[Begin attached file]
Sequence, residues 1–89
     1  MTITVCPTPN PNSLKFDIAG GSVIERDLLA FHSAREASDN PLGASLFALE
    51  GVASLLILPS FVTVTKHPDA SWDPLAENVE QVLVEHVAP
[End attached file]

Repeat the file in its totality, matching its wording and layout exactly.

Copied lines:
Sequence, residues 1–89
     1  MTITVCPTPN PNSLKFDIAG GSVIERDLLA FHSAREASDN PLGASLFALE
    51  GVASLLILPS FVTVTKHPDA SWDPLAENVE QVLVEHVAP